Gabbar is back but here is a must watch guide to the best of Bollywood's worst villains
Gabbar is back.
No, not the terrifying one who scared many a child back in the day, but as a righteous Akshay Kumar, in a film literally titled Gabbar is Back. Amjad Khan’s portrayal of the ruthless dacoit and his fondness for other peoples’ arms was iconic enough for Bollywood to try capitalising on his popularity 40 years later. Khan's Gabbar single-handedly makes Sholay one of India’s greatest films ever.
However, as any Hindi cinema buff will tell you, the making of a legendary villain is largely a case of a-hit-and-a-miss, with far more misses than hits. Indeed, for every Gabbar, Mogambo and Kaancha Cheena, there are many a Pralaynath Gendaswamys, who can’t quite see the line between depravity and hilarity.
That's not a made-up name, by the way. Pralaynath Gendaswamy was a suave-looking Deepak Shirke in Tirangaa, a film starring Raaj Kumar as a 66-year old supercop/superhuman and Nana Patekar as his nutty partner. Pralaynath Gendaswamy was looking to conquer all of India with a bunch of cardboard nuclear missiles to be launched from his forest hideout somewhere around Borivali or Madh Island; only to have his beautiful plan foiled by the enterprising heroes and their catchy dialogues. Frequently seen in a dapper suit and white gloves (not unlike a valet), you’d imagine that the man might have at least been able to afford a change of name, but apparently, Pralaynath revelled in its absurdity.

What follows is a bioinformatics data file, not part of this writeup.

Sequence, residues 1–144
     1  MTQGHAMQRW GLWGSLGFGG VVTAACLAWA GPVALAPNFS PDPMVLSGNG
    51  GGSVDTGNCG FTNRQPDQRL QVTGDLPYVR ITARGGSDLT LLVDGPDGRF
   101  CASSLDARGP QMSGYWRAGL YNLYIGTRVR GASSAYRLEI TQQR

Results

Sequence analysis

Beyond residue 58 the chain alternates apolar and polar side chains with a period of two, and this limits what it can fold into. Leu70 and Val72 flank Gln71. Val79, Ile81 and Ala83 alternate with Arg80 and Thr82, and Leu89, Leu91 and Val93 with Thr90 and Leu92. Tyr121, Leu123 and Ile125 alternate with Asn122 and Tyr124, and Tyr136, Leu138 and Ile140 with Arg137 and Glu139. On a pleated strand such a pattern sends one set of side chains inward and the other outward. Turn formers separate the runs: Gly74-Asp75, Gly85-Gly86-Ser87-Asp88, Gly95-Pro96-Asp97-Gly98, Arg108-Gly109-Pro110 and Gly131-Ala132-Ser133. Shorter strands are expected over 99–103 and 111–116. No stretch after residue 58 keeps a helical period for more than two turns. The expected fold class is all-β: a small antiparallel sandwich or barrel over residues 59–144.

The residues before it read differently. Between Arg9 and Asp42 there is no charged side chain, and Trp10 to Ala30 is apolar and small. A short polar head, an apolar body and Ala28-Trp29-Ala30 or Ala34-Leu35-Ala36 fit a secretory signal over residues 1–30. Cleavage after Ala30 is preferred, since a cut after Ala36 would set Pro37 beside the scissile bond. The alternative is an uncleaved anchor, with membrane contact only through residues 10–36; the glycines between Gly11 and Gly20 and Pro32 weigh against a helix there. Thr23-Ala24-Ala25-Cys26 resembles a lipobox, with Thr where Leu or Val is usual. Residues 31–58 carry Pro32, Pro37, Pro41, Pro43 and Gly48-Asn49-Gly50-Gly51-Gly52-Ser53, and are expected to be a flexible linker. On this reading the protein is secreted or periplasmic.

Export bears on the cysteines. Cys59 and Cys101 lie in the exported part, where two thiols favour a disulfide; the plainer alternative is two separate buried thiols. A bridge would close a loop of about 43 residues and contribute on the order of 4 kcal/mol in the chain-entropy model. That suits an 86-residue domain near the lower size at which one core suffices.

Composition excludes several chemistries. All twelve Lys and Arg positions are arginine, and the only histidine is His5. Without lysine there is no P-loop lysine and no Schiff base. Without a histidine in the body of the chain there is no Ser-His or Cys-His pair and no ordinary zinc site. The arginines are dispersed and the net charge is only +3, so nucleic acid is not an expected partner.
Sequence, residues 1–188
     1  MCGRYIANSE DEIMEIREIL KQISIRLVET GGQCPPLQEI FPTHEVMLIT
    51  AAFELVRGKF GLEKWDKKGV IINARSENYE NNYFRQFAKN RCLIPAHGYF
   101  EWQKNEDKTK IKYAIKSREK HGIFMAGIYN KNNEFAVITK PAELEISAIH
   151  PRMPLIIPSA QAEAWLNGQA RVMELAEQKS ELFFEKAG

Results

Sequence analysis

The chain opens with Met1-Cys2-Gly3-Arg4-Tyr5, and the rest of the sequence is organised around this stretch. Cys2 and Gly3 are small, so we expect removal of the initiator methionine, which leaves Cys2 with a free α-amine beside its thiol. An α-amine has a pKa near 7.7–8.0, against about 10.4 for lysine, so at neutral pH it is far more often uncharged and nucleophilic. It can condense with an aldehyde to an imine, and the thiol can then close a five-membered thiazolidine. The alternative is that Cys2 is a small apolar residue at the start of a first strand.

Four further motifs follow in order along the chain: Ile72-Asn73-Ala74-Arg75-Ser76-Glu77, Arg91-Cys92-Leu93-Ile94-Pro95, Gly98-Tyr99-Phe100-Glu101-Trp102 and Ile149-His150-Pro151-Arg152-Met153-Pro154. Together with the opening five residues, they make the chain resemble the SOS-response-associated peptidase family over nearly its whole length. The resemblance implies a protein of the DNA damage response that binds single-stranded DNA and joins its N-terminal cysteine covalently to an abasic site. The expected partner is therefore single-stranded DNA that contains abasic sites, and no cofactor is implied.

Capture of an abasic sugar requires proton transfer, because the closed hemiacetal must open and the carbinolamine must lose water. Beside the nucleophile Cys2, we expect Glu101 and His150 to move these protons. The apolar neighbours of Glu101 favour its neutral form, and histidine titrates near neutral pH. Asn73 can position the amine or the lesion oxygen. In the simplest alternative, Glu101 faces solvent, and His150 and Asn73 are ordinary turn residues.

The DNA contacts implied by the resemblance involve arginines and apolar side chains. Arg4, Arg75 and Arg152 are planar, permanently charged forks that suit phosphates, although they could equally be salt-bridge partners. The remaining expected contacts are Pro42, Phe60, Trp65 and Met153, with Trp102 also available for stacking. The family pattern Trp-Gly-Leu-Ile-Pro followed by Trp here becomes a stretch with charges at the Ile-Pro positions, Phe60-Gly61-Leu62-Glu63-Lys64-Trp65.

Speaking of absurdity, how can one forget Sadashiv Amrapurkar’s turn as the evil dictator Raja Jaichand in Anil Sharma’s Dharmendra-Vinod Khanna starrer, Farishtay? Of course, given how genius jostled for space in that film, you might have trouble remembering Raja Jaichand. Still, Amrapurkar, who would later be immortalised as the terrifying Maharani in Sadak, certainly made the most of the role.
A cross between Hitler and Liberace, Raja Jaichand was a bon vivant who dressed flashily enough to give even Michael Jackson a complex. Riding around in a giant swan-shaped chariot, he effortlessly terrorised his people, armed with nothing but his fashion sense. When the time called for it, Jaichand also had a golden horde of female soldiers dressed in cocktail gowns who looked just as ready for battle as they did for a night out on town. But they were no match for a rampaging Dharam and Vinod, who eventually defeated Jaichand simply by the power of ‘kutte kameene’ and literally kicked Jaichand to death.
Rami Reddy showed similar propensities in Bharat Rangachary’s Waqt Hamara Hai, as Colonel Chikara. The good colonel was trying to recover a misplaced backpack full of nuclear fuel from a bunch of college kids played by Akshay Kumar and Sunil Shetty. Wistfully describing himself as a ‘king without a kingdom’, Chikara’s only aim in life was to take over India with his “krypton bomb”. However, clearly lacking Jaichand’s stunning fashion sense, Chikara looked more like someone who should have been opening doors at a downtown hotel rather than aspiring to nuclear bombs. No wonder, then, that he was foiled by a college-aged Kumar and Shetty.